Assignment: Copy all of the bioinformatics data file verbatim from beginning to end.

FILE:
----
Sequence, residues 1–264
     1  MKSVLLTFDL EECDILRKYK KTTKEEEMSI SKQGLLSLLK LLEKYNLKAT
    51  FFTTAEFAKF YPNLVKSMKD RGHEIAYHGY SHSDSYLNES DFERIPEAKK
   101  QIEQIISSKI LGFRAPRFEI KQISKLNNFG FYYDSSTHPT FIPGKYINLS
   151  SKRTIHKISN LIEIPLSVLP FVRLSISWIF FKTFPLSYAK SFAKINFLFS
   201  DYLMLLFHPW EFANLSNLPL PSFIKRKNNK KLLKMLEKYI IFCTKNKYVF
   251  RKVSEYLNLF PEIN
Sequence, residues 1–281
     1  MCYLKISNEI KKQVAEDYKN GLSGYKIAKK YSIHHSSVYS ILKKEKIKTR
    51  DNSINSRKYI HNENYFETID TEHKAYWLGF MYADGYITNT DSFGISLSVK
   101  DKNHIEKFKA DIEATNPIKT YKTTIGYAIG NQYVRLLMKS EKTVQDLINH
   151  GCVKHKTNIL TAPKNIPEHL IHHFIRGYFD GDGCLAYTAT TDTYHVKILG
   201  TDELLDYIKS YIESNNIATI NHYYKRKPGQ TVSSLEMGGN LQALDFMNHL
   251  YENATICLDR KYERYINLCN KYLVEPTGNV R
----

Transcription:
Sequence, residues 1–264
     1  MKSVLLTFDL EECDILRKYK KTTKEEEMSI SKQGLLSLLK LLEKYNLKAT
    51  FFTTAEFAKF YPNLVKSMKD RGHEIAYHGY SHSDSYLNES DFERIPEAKK
   101  QIEQIISSKI LGFRAPRFEI KQISKLNNFG FYYDSSTHPT FIPGKYINLS
   151  SKRTIHKISN LIEIPLSVLP FVRLSISWIF FKTFPLSYAK SFAKINFLFS
   201  DYLMLLFHPW EFANLSNLPL PSFIKRKNNK KLLKMLEKYI IFCTKNKYVF
   251  RKVSEYLNLF PEIN
Sequence, residues 1–281
     1  MCYLKISNEI KKQVAEDYKN GLSGYKIAKK YSIHHSSVYS ILKKEKIKTR
    51  DNSINSRKYI HNENYFETID TEHKAYWLGF MYADGYITNT DSFGISLSVK
   101  DKNHIEKFKA DIEATNPIKT YKTTIGYAIG NQYVRLLMKS EKTVQDLINH
   151  GCVKHKTNIL TAPKNIPEHL IHHFIRGYFD GDGCLAYTAT TDTYHVKILG
   201  TDELLDYIKS YIESNNIATI NHYYKRKPGQ TVSSLEMGGN LQALDFMNHL
   251  YENATICLDR KYERYINLCN KYLVEPTGNV R